Lebanese Hezbollah supporters gesture as they march during a religious procession to mark Ashura in Beirut's suburbs.
(photo credit: REUTERS)
The number of Islamists in Germany increased to 43,890 in 2014 from 43,190 in 2013, according to a report released on Tuesday by the country’s domestic intelligence agency.
Radical Islamists are “the greatest danger to Germany,” said Hans-Georg Maassen, the president of the agency, the Federal Office for the Protection of the Constitution (BfV). “Germany is on the spectrum of goals for Islamic terrorists,” he added.
Hezbollah has 950 active operatives in the Federal Republic, and Hamas has 300. Germany has designated Hamas as a terrorist organization. The Merkel administration along with the EU banned Hezbollah’s military wing in 2013, but allows its political wing to operate.
According to the BfV report, the number of Salafists in the country increased to 7,000 in 2014 from 5,500 the previous year. The Salafists are “the most dynamic Islamic movement in Germany” and serve as a recruitment pool for jihadist groups in Syria and Iraq, the report said.
The chapter on “Islamism and Islamic terrorism” states that at demonstrations against last summer’s Gaza war, there “were rather more Hamas-supporting events than peace demonstrations, and there was clearly public anti-Semitism.”
The anti-Semitic slogans targeted “Jews and Israel” and resulted in attacks on Jews and pro-Israel activists.
“Kill the Jews!” “Jews out!” and, “Hamas, Hamas, Jews to the gas!” were some of the slogans chanted at the 2014 protests.
The BfV cited the arson at the Wuppertal synagogue in North Rhine-Westphalia state in June 2014. A local court exonerated the perpetrators, German Palestinians, of anti-Semitism. It said the men sought to bring “attention to the Gaza conflict” by tossing Molotov cocktails at the synagogue.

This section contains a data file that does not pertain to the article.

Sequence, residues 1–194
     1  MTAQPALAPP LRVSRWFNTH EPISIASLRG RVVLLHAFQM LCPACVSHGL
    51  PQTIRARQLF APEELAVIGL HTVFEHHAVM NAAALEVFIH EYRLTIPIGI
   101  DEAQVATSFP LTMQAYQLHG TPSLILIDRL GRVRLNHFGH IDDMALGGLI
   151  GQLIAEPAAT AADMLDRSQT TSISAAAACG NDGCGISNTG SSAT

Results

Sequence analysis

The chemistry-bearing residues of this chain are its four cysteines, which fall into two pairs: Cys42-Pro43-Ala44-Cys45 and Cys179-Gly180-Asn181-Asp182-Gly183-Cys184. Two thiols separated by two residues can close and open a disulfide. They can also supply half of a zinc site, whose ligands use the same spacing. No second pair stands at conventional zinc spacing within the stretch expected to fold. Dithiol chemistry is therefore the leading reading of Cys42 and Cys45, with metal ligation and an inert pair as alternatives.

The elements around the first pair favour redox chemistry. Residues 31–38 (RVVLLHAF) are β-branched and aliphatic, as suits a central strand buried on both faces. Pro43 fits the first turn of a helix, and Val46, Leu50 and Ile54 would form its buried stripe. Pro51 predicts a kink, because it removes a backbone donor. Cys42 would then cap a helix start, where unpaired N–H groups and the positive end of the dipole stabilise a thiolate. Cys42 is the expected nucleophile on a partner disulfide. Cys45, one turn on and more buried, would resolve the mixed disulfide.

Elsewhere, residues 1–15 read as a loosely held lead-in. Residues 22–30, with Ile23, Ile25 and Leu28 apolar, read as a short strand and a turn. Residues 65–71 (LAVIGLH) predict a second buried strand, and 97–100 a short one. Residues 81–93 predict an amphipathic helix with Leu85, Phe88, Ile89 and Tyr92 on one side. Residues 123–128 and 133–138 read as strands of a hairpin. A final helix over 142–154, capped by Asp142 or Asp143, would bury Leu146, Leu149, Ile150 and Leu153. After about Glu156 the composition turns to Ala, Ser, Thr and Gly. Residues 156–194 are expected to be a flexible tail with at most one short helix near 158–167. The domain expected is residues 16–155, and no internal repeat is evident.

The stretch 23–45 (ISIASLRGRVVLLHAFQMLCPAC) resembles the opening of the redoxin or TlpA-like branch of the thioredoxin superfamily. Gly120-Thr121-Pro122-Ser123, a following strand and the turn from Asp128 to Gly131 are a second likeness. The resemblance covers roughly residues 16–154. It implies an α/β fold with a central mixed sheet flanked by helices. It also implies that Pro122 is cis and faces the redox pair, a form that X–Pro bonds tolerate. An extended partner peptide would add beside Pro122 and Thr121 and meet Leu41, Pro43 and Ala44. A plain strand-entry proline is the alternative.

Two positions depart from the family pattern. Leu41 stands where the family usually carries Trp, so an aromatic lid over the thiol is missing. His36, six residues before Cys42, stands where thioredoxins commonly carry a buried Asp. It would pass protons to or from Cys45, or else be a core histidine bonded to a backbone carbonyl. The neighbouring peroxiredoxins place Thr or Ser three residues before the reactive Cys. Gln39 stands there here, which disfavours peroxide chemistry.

“Hamas was successful” in mobilizing its organization and people outside of its core support to participate in anti-Israel protests, the BfV report said. There was “public anti-Semitism at pro-Palestinian demonstrations” against Israel’s Operation Protective Edge, the agency said, adding, “It was noticeable that a large number of mostly young people with an immigrant background expressed themselves in an anti-Semitic and hate-filled way.”
While the demonstrations against Israel were driven by Islamists, the BfV noted that extremist Turks, as well as left-wing and rightwing fanatics, were present. Many participants had no recognizable extremist background, the agency wrote.
The number attacks by right-wing extremists soared to 990 in 2014, a 23.6 percent from 2013. The spike was animated by xenophobia and attacks on political refugee housing and asylum- seekers The BfV report noted that the far Right “says Israel and means Jews in general, and the label ‘Zionist’ serves as a synonym for ‘Jew’ for rightwing extremists.” The unifying factor for Islamists, the far Right and far Left, is a deep loathing of Jews, it said.
Participants at pro-Palestinian demonstrations attempted to camouflage their Jew-hatred by purporting to be solely anti-Zionist or anti-Israel, the report noted.